WASHINGTON, Dec. 29 (UPI) -- U.S. citizens are advised to avoid all travel to Somalia and are warned there is no official presence in the country should trouble arise, Washington said.
The U.S. State Department warned citizens that there is no embassy or other U.S. diplomatic presence in Somalia, leaving citizens who are traveling in the area with little resources for assistance.
The State Department in a travel advisory warned that Somali militants are intent on kidnapping and killing foreigners, posing a direct threat to U.S. citizens in the area.
Somalia hasn't had a functioning government since 1991 and is one of the most corrupt nations in the world. The transitional government controls only a small fraction of the war-torn country. Al-Shabaab, a militant group loyal to al-Qaida, is waging war against forces loyal to the government.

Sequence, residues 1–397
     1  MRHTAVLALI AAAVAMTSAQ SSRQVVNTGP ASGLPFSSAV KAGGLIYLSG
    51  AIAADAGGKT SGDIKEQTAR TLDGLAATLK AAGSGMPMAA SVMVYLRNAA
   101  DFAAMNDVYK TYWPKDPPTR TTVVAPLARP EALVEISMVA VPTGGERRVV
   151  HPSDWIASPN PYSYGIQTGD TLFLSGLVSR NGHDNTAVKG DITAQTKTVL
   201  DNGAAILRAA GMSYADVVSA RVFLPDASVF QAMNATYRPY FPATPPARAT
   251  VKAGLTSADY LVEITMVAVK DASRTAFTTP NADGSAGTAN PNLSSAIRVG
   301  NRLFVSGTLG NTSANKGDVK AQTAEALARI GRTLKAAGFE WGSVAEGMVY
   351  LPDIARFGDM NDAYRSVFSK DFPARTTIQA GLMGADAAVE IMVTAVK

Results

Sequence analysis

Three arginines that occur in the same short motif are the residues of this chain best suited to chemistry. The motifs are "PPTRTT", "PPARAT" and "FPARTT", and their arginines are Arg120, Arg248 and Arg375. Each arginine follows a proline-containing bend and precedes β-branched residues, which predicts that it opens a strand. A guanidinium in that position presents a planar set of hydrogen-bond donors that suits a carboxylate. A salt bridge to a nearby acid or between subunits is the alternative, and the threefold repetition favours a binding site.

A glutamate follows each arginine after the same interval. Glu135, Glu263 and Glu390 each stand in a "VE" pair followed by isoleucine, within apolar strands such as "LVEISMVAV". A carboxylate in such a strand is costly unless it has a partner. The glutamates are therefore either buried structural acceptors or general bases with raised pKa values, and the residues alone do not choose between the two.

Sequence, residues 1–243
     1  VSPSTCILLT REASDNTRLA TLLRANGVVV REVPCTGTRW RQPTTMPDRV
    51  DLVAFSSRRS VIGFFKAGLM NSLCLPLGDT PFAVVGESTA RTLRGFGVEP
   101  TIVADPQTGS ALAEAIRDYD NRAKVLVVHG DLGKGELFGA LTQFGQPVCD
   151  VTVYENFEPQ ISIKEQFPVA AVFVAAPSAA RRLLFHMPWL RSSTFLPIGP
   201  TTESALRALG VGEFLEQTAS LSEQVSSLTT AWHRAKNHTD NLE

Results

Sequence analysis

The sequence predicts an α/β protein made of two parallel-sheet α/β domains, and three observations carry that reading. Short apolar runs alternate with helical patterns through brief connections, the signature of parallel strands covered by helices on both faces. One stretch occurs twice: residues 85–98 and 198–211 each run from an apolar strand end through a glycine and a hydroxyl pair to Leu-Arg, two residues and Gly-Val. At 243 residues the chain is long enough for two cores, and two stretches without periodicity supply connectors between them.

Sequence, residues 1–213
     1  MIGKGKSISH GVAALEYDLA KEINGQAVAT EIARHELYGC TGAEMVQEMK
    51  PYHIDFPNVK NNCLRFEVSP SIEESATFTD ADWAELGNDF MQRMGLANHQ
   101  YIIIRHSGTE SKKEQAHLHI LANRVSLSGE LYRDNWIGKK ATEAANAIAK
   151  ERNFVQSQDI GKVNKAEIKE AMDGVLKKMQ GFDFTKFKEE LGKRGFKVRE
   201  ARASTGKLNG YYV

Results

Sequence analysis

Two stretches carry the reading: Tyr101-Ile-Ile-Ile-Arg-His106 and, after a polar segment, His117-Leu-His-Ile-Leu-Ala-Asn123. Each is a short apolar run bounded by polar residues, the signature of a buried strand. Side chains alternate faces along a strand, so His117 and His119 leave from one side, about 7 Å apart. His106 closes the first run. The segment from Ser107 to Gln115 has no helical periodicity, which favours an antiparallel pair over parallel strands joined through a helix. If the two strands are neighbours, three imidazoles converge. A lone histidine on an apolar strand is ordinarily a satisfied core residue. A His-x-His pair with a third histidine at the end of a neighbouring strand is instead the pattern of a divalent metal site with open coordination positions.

The warning noted that "lines of control" in the Somali capital are unclear, adding relief workers and other foreigners are often the target of terrorist attacks.
Merchant vessels, fishing boats and recreational crafts are also prone to pirate attacks in the region and the State Department said vessels should travel in convoys along the Somali coast.
The U.S. Embassy in Kampala in a Warden Message last week warned that al-Shabaab was an active threat in the region.
Al-Shabaab claimed responsibility for two attacks July 11 in Kampala that killed more than 70 people during celebrations for the World Cup soccer tournament.